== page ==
In the News
In mid-September the U.S. Census Bureau reported that the number of people without health insurance increased in 2009 to an all-time high of 50.7 million. (To read the report, go to http://bit.ly/cimBuA.) Much of this increase can be attributed to the loss of employer-sponsored health coverage as the recession worsened during 2009—but even before the recession, the number of uninsured had reached a crisis point.
The Patient Protection and Affordable Care Act, signed into law in March, is projected to eventually insure about 34 million more Americans. Provisions that took effect in September are already helping some groups—including those 26 years old or younger who live at home with insured parents and those who could be denied coverage because of a preexisting condition—although many provisions don't take effect until 2014. Reform opponents are unlikely to repeal the legislation, but in the weeks leading up to the midterm elections, they were laying plans to hinder the funding necessary to implement numerous provisions (read a Washington Post report on Republicans' plans at http://wapo.st/ab8Qz3).
Meanwhile—continuing a pattern that began well before the reform law passed—costs are rising even for the insured.
Premiums of many employer-provided plans will increase 10% to 30% for 2011, according to California Healthline (http://bit.ly/cwJmrU), with some deductibles doubling. An AARP report released in August (http://aarp.us/9m4Rz6) found that prices of brand-name prescription drugs notched up 9% in 2009, with many of the most popular drugs jumping 40% to 90% in the past five years.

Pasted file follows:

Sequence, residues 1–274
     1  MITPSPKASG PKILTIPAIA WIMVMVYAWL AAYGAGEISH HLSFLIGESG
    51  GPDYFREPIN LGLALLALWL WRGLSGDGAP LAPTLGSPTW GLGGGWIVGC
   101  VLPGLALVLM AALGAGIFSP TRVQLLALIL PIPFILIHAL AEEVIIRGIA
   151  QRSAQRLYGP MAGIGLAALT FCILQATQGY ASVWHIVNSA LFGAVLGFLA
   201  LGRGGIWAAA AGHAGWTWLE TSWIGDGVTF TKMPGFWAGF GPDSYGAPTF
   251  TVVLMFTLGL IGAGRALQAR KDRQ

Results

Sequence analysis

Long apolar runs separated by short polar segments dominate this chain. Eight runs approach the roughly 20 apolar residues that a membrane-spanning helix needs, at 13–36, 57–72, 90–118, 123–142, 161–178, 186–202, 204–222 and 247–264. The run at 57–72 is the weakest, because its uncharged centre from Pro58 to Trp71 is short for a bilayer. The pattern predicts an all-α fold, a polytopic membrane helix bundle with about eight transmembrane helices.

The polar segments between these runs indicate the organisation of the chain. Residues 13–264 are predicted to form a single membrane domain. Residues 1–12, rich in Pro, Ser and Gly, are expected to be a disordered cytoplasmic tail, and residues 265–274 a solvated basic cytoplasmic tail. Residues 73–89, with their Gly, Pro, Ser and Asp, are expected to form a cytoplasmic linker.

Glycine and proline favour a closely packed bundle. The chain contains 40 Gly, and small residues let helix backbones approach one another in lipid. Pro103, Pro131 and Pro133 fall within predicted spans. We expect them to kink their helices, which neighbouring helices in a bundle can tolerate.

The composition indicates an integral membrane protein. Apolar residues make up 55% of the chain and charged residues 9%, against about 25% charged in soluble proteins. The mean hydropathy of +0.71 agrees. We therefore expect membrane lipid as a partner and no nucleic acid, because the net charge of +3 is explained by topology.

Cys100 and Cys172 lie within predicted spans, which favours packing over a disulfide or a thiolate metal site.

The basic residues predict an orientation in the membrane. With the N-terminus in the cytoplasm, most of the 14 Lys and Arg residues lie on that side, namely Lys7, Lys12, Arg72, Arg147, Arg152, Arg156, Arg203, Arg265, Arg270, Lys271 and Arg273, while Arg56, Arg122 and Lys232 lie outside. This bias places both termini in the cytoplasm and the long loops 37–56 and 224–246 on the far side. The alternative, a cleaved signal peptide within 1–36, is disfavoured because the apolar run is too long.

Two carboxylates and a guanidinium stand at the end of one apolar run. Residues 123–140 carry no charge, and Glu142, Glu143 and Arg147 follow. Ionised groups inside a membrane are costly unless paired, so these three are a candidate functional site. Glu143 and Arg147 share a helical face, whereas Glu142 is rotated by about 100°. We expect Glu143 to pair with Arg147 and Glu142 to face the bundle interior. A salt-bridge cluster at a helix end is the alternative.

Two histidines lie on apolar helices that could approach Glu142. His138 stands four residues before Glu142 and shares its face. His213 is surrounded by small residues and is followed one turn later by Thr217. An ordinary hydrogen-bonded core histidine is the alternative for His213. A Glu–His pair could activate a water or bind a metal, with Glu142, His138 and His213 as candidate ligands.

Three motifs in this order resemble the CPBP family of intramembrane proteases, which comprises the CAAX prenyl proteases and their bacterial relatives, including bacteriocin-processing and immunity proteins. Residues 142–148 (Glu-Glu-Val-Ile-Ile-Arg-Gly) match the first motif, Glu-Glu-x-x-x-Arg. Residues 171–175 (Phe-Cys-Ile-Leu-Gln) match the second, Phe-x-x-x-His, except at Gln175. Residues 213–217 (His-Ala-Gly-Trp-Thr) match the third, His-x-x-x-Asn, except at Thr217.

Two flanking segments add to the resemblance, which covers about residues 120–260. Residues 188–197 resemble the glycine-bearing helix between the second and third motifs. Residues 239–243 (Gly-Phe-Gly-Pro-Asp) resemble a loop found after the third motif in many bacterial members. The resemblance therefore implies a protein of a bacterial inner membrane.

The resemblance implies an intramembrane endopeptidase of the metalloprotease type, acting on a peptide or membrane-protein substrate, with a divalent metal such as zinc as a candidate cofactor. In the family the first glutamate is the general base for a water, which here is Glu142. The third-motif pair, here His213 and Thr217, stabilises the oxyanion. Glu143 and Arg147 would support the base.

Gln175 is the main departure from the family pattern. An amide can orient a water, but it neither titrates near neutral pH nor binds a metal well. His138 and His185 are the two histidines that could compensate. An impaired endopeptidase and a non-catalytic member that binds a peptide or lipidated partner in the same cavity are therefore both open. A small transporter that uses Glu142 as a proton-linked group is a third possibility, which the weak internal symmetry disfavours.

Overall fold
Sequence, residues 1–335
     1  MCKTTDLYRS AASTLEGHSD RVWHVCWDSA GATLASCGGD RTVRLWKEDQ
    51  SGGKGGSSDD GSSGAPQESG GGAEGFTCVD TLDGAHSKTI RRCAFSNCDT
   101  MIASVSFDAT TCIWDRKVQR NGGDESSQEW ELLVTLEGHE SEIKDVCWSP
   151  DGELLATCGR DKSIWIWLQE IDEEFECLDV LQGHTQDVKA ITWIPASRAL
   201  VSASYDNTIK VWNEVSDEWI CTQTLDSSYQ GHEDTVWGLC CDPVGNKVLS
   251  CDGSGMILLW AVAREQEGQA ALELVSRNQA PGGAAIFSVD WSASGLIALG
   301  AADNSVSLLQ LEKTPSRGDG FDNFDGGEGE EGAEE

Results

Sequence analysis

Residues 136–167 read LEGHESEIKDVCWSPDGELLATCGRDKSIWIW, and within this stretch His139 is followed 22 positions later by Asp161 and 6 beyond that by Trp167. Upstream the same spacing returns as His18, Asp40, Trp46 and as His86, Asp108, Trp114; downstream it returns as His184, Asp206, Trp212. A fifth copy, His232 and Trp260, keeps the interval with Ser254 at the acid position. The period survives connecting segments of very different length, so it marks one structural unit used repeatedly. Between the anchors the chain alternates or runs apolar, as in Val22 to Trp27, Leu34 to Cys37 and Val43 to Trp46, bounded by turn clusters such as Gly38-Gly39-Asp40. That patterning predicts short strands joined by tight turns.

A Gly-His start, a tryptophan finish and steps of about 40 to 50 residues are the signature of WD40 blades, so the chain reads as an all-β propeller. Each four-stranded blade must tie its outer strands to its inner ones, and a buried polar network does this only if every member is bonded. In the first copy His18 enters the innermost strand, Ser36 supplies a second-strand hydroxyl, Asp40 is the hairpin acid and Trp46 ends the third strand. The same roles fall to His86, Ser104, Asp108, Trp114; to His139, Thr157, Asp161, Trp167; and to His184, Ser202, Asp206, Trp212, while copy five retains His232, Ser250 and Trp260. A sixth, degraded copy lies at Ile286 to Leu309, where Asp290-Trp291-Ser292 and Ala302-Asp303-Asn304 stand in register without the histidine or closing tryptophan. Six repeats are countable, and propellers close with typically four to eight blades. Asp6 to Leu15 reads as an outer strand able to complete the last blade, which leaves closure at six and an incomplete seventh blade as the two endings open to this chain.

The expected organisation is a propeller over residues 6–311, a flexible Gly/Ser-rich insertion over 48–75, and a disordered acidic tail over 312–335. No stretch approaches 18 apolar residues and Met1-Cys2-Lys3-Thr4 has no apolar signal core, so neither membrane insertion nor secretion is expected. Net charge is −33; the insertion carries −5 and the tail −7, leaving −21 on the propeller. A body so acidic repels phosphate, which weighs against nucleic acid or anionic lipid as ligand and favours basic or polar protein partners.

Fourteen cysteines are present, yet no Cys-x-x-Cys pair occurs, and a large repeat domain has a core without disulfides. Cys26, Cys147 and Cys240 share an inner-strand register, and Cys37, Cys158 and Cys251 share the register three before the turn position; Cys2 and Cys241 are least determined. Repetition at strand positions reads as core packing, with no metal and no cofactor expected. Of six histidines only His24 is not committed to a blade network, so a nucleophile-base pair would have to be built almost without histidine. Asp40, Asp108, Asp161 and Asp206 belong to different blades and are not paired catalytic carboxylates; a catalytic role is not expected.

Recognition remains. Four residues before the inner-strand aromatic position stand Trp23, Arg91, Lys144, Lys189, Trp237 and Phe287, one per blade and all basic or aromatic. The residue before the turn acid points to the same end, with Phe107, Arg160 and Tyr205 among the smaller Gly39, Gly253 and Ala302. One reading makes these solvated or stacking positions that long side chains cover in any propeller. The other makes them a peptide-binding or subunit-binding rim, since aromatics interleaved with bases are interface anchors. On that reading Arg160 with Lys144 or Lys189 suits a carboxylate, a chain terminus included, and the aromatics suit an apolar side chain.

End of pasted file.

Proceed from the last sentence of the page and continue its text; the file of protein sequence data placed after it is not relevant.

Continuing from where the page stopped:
And a recent Ohio survey published in Business Week (http://bit.ly/b2cnQD) found that 13% of parents with health insurance—including many middle-income parents—said they'd foregone recommended drugs and treatments for their children.
To make it easier for those without employer coverage to shop for health insurance in an intricate market, the government Web site HealthCare.gov launched Insurance Finder (http://finder.healthcare.gov) this summer, which compares plans' costs and restrictions. It's also intended to increase competition among insurers.
Consumer Reports also offers a Web site (much of its content requires a subscription) that rates insurance plans as well as surgical groups, treatments, medications, supplements, and other aspects of health care.
The explosive but unavoidable question of how to bring down costs will have to be faced sooner or later by all stakeholders in our health care system. Look especially for intensifying attention in 2011 on comparative effectiveness research on the relative benefits of various treatments.—Jacob Molyneux, senior editor